Prevalence and predictors of suboptimal control of childhood bronchial asthma: a community- based study in Dekerness District, Egypt

Abdel-Hady El-Gilany, Tarek El-Desoky, Hoda El-Domyaty, Nehad Nasef, Eman M. Meatty


Objective. To estimate the prevalence of suboptimal control of bronchial asthma (BA) among children in Dekerness district, Egypt, and to identify its risk factors in the community setting.

Population and method. This is a community-based cross-sectional descriptive study carried out in Dekerness District, Egypt, during a period from May 1, 2016 to April 30, 2017. The targeted population was children aged 2-17 years old, living in the study area. A total of 201 asthmatic children identified in a previous study were included in the current study. Data were collected by a questionnaire completed through direct interview with the mother/ caregiver and the child. GINA guidelines were used for the diagnosis of asthma control. Partly and uncontrolled asthma was considered as a suboptimal control.

Results. The overall prevalence of suboptimal asthma control was 47.2%. The logistic regression analysis revealed that the independent predictors of suboptimal control are the lack of asthma controller treatment (AOR=2.1), lack of written asthma action plan (AOR=9.8), and using nebulizer therapy (AOR=2.2).

Conclusions. Suboptimal asthma control is highly prevalent among children and adolescents in Dekerness District. The use of asthma controller treatment, asthma action plan and the proper use of nebulizer therapy may contribute to a more optimal asthma control.


bronchial asthma, suboptimal control, medication adherence, written asthma action plan, nebulizer  


Bronchial asthma (BA) is a public health problem and its prevalence is increasing in all countries, regardless of their level of development, being generally underdiagnosed and undertreated in low-income countries(1). Asthma is reported as one of the most common chronic diseases in childhood, impairing the quality of life of patients and their families, and incurring high costs to the health care system and society(2).

Achieving asthma control remains an elusive goal for the majority of patients worldwide(3,4). Although BA cannot be controlled, effective treatments are available to achieve opti-mal control(2). The goals of asthma treatment are to control the clinical manifestations and to improve lung function. However, the correct assessment of asthma control is not

straightforward. Holgate et al.(5) concluded that the assess-ment of control varied markedly among healthcare profes-sionals, as well as patients. They concluded both physicians and patients tend to overestimate the level of asthma control, with a subsequent risk of undertreatment.

Standard treatment regimens for persistent asthma include regular use of inhaled corticosteroids combined with long- and short-acting β2 agonists as needed(6). However, despite the availability of effective treatment, a substantial proportion of adults, as well as children with asthma, are not optimally controlled(3,4,7). The failure in asthma control can be considered the result of the complex interaction among different variables, such as the implementation of guidelines, some disease-related factors (e.g., the presence of comorbidities such as gastro-esophageal reflux disease, sleep distur-bances, obstructive sleep apnea, and rhinitis); patient-related factors (e.g., adherence to treatment and coping strategies) and provocative agents(2,8,9,10). The GINA guidelines have been widely accepted by classifying asthma as controlled, partly controlled and uncontrolled (11).

To the best of the authors’ knowledge, there is a dearth of information about the control of childhood asthma at the community level in Egypt. This study aims to estimate the level of suboptimal control of childhood asthma and its asso-ciated factors in the community.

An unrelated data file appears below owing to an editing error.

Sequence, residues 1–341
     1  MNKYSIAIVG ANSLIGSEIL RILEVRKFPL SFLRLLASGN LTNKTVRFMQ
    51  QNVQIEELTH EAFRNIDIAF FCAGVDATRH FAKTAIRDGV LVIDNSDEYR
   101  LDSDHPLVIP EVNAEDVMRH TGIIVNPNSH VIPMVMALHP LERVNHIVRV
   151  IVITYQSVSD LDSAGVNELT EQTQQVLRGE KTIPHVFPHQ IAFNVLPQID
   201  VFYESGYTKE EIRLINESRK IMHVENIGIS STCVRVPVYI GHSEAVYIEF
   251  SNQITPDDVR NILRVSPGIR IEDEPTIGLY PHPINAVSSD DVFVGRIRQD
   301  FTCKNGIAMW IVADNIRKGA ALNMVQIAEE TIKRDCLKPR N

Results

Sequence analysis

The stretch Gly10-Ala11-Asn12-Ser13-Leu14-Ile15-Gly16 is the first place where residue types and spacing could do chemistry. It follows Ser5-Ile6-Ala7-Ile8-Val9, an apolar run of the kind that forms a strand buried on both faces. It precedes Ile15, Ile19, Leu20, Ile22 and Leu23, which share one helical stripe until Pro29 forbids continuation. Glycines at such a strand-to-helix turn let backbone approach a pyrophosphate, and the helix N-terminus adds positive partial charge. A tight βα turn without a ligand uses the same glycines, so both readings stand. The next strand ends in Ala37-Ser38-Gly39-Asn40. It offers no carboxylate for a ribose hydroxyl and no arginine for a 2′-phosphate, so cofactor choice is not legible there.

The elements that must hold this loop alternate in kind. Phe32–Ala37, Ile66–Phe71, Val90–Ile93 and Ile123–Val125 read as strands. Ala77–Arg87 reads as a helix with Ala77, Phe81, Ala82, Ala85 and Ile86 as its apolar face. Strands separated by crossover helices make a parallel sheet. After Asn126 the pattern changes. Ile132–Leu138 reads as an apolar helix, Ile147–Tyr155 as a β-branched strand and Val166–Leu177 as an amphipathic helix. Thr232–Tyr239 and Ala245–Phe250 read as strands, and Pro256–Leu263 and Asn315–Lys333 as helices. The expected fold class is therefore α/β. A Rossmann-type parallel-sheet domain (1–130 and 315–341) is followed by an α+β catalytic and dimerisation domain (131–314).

Population and method

This cross-sectional descriptive community-based study was carried out in Dekerness District during a period from May 1, 2016 to April 30, 2017. Dekerness District is situated about 200 km north-east of Cairo and includes the capital city (Dekerness) and many rural areas, being mainly an agricultural community with an estimated total population of 336,163.

The target population is asthmatic children aged 2-17 years old. A total of 201 asthmatic children were included in the study. These were identified during a previous community-based study(12) on the prevalence of childhood asthma covering 1500 children selected by proportional multistage cluster sam-ple from both rural and urban areas of the study area.

Data was collected at home visits, after coordination with the head of the family. The questionnaire was through direct interview with the mother or caregiver and the child. Data collected included:

  1. Child data – name, age, gender and birth order.

  2. Socio-demographic characteristics of each family were addressed using the socioeconomic scale of El-Gilany et al.(13). This is a valid and reliable scale consisting of seven domains, with a total score of 84 (a higher score indicating better socioeconomic status). The seven domains are: education and culture, occupation, family structure, family possessions, economic, home sanitation, and health care utilization pat-tern. The scale was categorized into four socioeconomic lev-els according to the three quartiles.

  3. The International Study of Asthma and Allergies in Childhood (ISAAC) questionnaire was used for the diagnosis of BA. Phase I ISAAC questionnaire was translated into Arabic and validated by Osman(14). BA was operationally defined based on the history of both wheezing or whistling in the chest in the last 12 months, and if the child ever had asthma whether a physician diagnosed it or not.

  4. The characteristics of asthma: trigger factors (associ-ated morbidities, exposure to passive smoking, and contact with pets or birds), family history, and duration and treat-ment practices.

  5. GINA(15) guidelines were used for diagnosis of asthma control. This guideline distinguishes between controlled, partly controlled and poorly controlled asthma. Asthma is well controlled if: daytime symptoms occur ≤2 times per week; there are no limitations of activities due to asthma and there are no night-time symptoms; rescue medication is needed ≤2 times per week. In this study, the uncontrolled and partially controlled were merged together and considered as suboptimal control.